McDonald’s to Bump Up Wages, Offer Perks for Many Workers

The fast-food giant plans to improve pay and benefits for about 90,000 workers at company-owned stores. But will franchisees who run the vast majority of McDonald’s follow suit?

Some 90,000 McDonald’s workers will soon get a raise and a couple other perks from the fast-food company.

Beginning July 1, starting wages at company-owned McDonald’s restaurants will be $1 more than the local minimum wage, the company said.

“The wages of all employees up to restaurant manager will be adjusted accordingly based on tenure and job performance,” McDonald’s added.

It’s estimated that by the end of 2016, the pay bump will put the average hourly wage rate at more than $10 for employees of company-owned McDonald’s.

In addition to the pay raise, McDonald’s also announced that full- and part-time employees that have worked at the fast-food chain for at least one year will earn paid time off. McDonald’s said:

For example, an employee who works an average of 20 hours per week will be eligible to accrue approximately 20 hours of paid time off per year. If these employees don’t take the time off they’ve earned, they will be paid for the value of that time.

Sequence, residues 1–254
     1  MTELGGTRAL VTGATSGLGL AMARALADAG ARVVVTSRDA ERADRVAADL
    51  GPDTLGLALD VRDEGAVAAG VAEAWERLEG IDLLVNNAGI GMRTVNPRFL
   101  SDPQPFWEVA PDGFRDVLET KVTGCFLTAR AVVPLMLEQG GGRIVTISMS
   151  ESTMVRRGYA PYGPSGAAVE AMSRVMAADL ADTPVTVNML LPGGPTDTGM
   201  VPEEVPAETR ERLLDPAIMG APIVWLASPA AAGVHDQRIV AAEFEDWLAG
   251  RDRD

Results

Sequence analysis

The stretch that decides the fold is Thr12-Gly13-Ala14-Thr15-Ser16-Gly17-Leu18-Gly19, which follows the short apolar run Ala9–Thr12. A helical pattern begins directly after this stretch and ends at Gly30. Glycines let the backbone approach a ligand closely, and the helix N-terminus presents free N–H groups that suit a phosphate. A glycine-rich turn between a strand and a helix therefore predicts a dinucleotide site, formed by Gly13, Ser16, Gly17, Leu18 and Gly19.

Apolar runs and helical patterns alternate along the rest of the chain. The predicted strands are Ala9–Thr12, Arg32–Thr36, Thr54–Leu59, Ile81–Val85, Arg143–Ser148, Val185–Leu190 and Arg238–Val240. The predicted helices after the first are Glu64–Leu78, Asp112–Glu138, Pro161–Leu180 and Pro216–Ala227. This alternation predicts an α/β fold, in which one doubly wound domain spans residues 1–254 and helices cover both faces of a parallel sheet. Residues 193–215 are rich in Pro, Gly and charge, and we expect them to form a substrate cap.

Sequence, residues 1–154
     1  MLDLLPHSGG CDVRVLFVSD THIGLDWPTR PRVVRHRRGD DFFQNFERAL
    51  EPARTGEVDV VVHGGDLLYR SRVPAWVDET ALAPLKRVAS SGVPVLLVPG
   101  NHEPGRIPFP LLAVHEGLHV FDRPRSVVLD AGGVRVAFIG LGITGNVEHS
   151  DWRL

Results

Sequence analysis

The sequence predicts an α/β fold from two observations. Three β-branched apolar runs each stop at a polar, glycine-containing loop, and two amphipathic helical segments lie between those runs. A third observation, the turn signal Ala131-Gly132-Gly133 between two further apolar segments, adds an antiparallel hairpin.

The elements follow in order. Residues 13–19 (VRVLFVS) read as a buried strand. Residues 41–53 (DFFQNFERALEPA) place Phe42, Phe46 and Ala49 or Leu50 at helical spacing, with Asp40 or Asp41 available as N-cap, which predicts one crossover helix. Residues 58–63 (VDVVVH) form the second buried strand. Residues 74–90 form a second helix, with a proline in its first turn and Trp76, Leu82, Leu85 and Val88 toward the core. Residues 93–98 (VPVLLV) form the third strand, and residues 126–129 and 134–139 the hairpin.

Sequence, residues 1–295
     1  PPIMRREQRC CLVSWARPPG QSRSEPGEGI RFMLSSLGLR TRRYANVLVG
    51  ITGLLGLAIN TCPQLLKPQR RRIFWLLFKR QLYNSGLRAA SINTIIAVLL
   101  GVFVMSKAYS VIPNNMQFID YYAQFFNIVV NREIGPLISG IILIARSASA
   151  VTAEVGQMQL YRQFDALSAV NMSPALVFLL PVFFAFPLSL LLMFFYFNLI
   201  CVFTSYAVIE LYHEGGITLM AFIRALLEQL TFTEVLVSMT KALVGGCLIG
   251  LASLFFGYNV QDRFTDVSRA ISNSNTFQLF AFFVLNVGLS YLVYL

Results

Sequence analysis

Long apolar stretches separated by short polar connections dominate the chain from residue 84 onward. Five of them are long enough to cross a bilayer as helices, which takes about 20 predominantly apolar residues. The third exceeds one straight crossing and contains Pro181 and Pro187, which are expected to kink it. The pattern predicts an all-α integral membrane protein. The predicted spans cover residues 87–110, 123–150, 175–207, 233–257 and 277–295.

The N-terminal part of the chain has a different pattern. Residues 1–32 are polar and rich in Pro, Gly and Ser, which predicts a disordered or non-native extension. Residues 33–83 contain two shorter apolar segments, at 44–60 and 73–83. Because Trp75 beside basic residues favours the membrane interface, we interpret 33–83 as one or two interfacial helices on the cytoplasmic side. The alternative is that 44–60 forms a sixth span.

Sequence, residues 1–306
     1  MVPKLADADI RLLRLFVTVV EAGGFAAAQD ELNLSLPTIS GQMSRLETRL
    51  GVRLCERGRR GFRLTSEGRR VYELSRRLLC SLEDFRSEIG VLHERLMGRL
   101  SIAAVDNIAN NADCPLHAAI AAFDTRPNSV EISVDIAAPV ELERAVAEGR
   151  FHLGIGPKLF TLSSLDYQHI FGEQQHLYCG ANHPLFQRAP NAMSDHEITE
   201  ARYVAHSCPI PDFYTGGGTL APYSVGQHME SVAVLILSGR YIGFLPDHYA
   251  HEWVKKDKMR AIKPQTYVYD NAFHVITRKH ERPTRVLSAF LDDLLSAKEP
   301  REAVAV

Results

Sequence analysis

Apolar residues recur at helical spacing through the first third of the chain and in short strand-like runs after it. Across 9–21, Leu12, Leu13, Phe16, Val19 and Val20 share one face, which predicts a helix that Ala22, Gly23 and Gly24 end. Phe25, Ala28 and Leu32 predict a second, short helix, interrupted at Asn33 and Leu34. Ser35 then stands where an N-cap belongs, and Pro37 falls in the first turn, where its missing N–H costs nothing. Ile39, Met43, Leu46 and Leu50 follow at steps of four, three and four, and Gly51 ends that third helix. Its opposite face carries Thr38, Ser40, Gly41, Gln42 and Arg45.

The fast-food giant said it will pay for its employees to get their high school diploma, as well as offer some college tuition assistance.

McDonald’s president and CEO Steve Easterbrook, who has been the head of the company for just one month, said in a statement: “We’ve listened to our employees and learned that – in addition to increased wages – paid personal leave and financial assistance for completing their education would make a real difference in their careers and lives.”

The pay increase and ability to earn paid time off will affect more than 90,000 employees who work for company-owned McDonald’s stores. However, these stores represent just 10 percent of the 14,350 McDonald’s nationwide, The Wall Street Journal reports.

McDonald’s announcement is unlikely to satisfy its strongest critics, who have been calling for much larger increases and demanding the company take responsibility for pay and other policies at its franchisees. Fast Food Forward, a group backed by the Service Employees International Union, has helped organize nationwide protests at McDonald’s and other chains demanding a $15 hourly minimum and the right to form a union without employer backlash.

McDonald’s franchise owners have individual control over their wages and benefits.

According to the WSJ, Easterbrook said the franchisees are “experts… at setting the right pay levels in their local markets.”

I say kudos to McDonald’s for raising the wages of its lowest paid employees. It’s a start. Here’s hoping McDonald’s franchises follow suit.

Do you think McDonald’s pay bump goes far enough? Share your comments below or on our Facebook page.

Stacy Johnson

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